Today was the perfect day for a walk with clear skies and a refreshing breeze. Today, I had the opportunity to accompany approximately 120 3rd grade students from Drew Charter School as they toured the East Lake Community Learning Garden and Farm. The Learning Garden was established in 2010 in Atlanta’s East Lake neighborhood. Not only is the garden a place for neighborhood residents to grow organic produce and to participate in workshops with garden experts, but it also serves as an outdoor classroom for the East Lake children.
We were greeted at the garden by a team from the Southeastern Horticultural Society led by Mr. Khari Diop. Mr. Khari and his crew led Drew students on a tour of the garden and the farm pointing out flowering plants, various vegetation, and even mushroom logs. The Learning Garden farm manager walked the 3rd graders through the process of decomposition, and we all had the opportunity to contribute remnants from our lunch into the compost box. Students created nature journals and made pots out of recycled paper which they filled with organic soil and a seed of their choice to bring back to Drew in order to plant. The students were engaged, excited, and learned a lot about all of the elements that have come together in order to create a community garden like this one.
As Drew forges ahead in the implementation of project-based learning in their classrooms, the 3rd grade teaching team at Drew has created a project that they call “Project Green Thumb”. Today’s field trip to the garden served as the entry event to engage student interest and motivation to seek answers and solutions to a “real world” problem and question around building sustainable gardens within communities. The goal is to create a “need to know” in the hearts and minds of our 3rd graders so they will eagerly explore the answers to an essential question or problem.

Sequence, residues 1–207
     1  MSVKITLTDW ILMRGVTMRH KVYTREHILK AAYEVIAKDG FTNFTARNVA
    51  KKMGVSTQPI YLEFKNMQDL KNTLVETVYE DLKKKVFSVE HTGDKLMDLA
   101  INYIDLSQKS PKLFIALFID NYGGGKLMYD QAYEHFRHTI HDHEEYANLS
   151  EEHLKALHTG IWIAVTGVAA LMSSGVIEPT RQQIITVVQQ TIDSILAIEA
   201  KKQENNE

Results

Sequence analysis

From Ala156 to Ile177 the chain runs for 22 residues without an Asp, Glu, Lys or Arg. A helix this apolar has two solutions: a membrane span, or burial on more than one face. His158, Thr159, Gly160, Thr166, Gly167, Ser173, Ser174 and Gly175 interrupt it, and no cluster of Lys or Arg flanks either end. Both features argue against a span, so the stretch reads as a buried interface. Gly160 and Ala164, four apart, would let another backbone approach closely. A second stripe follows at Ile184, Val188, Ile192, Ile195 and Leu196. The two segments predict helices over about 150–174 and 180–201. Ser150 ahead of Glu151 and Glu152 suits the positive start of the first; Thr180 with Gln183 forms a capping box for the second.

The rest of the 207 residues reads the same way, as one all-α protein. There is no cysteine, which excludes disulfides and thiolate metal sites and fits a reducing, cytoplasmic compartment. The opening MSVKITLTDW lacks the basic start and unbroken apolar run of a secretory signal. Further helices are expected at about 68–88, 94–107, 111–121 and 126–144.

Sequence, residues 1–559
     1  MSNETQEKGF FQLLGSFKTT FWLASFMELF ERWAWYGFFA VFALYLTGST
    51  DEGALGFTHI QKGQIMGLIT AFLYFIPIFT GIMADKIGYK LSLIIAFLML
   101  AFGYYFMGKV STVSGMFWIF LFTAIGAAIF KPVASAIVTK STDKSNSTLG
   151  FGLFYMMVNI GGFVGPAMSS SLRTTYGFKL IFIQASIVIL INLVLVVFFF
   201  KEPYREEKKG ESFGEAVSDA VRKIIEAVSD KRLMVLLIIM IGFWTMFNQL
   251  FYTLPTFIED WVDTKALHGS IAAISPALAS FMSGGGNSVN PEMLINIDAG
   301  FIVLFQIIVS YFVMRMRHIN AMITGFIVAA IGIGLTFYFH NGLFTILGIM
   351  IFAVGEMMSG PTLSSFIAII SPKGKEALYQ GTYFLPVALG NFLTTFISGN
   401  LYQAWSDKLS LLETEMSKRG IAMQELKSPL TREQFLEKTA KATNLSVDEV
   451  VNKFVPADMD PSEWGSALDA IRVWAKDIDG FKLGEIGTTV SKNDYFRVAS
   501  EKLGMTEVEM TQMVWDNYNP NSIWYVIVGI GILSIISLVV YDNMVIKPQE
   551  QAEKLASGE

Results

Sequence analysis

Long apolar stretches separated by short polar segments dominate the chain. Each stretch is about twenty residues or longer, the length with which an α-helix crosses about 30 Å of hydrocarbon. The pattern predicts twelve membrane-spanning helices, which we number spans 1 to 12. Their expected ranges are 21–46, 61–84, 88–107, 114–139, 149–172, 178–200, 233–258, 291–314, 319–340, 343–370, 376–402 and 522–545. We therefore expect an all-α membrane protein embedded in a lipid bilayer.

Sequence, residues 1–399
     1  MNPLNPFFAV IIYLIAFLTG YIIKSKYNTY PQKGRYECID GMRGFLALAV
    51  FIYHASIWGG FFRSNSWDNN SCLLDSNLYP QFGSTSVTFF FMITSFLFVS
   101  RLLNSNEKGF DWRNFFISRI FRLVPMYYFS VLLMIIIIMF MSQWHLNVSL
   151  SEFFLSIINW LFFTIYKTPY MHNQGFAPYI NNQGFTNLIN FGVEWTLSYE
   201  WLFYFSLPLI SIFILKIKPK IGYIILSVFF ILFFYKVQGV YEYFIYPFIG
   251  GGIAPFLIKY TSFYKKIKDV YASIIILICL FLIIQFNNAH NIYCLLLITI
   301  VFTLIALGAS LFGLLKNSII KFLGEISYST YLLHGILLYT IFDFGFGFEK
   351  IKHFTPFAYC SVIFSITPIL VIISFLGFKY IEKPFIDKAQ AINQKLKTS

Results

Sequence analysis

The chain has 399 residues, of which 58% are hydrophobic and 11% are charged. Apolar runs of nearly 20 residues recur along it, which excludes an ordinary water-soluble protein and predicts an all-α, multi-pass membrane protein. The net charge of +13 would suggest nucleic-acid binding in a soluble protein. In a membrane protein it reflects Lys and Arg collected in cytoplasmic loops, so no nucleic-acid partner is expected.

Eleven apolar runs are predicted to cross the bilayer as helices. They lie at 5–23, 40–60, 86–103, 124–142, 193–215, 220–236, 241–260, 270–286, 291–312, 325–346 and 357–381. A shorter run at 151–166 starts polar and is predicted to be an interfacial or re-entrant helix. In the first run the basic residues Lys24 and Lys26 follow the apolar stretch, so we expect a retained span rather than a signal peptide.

Ultimately, this project will take students through an interdisciplinary learning journey with stops in language arts, science, technology, and math. Students will collaborate in groups to create and present final products including the construction of a 3rd grade aquaponics garden, presentations on Prezi of garden designs, recipe sharing, and the opportunity to sell and/or donate produce from their own garden at Drew Charter School. Through the PBL, they will discover and learn all the steps needed to create a sustainable garden for their community.
As the students and I walked down 2nd Avenue and headed back to school, I was expecting most of the kids to be exhausted, hot, and thirsty. And some were. But almost all of the 8 and 9 year olds were excited, energized, and motivated. They wanted to immediately start recording in their nature journals. They were already asking what the next steps would be and when they could get started on designing and building a garden. They were engaged, inspired, and ready to learn more. Today was a perfect day for a walk.
Written and submitted by Jane Simpkins, Center for Teaching